Contemporary views(where the issue lies)/What is a lingua franca?: When you talk to most people about lingua francas (meaning single languages used for international communication) they see having and using them as very beneficial things. In fact, many people believe that minority languages should be completely abandoned. …. In a recent poll almost half of the people voted for the use of one international language in lieu of the various and diverse languages currently used around the world.
Benefits and side effects of lingua franca use: While this is true, as having a common language makes communication, especially in business and economic settings, much more effective and simple, the . I would like to bring your attention back to the statistic I presented. In their eyes, as speakers of majority languages, the ends justify the means (meaning the death of many languages to propagate a standard).
The double-edged nature of lingua franca use: Language death is cultural death: so much more in a language than a means of communicating information. Esatblish language discrimination just like any other discrimination. Globalization doesn't have to mean uniformity or homogeneity. Instead, it should imply more cultural diversity and collaboration. Philosophy: Gadamer, & ricoeur (Lang not as communication)
Despite beliefs to the contrary languages can grow and thrive. One of the main reasons French was able to push Latin out of the limelight was that Latin had For this reason, there is no such thing as an irrelevant language. French isn’t the only language that grew out of obscurity. In fact, several languages are going through the same process today as they fight against linguistic oppression. Mention the 3: Ute, M and Maori (how they are changing and flourishing; contributing to pride of an otherwise oppressed group; present your own data). Outline the process and stress that it takes a lot of time and effort on the part of the speakers of these languages.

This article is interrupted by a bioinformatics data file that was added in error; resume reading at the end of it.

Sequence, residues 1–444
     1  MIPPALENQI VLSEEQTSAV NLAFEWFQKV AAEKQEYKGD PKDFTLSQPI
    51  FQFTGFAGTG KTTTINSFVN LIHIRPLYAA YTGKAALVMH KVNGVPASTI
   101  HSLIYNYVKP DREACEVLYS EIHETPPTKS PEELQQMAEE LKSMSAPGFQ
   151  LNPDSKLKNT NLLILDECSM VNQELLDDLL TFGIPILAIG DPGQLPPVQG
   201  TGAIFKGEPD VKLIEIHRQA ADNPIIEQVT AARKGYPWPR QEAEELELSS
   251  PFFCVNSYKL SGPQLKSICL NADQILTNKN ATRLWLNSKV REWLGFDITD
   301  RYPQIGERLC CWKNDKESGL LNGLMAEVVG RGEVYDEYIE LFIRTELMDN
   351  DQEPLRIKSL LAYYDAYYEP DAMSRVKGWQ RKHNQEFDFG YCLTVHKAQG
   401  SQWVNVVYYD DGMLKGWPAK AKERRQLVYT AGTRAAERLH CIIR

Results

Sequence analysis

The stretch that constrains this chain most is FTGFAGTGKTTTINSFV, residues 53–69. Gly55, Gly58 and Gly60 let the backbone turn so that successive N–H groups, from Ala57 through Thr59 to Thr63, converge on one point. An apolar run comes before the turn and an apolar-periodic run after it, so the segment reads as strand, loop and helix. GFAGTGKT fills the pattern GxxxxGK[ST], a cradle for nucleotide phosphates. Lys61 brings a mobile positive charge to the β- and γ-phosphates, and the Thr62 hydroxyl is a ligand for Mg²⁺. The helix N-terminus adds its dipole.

Re-stress how much is at stake from losing these seemingly 'insignificant' languages. In addition to the work I am suggesting for these languages themselves, I believe there is also work that we as majority language speakers can be doing to help them (by raising awareness, relieving some of the pressure on them to conform to a single language, and by helping them bring their languages into modernity). I posit and adaptation of the Pilot translation technology as a modern extra step in the process of revitalization of these languages. While it is clearly not the answer to eliminating language death alone, I believe this technology could really contribute greatly to the process.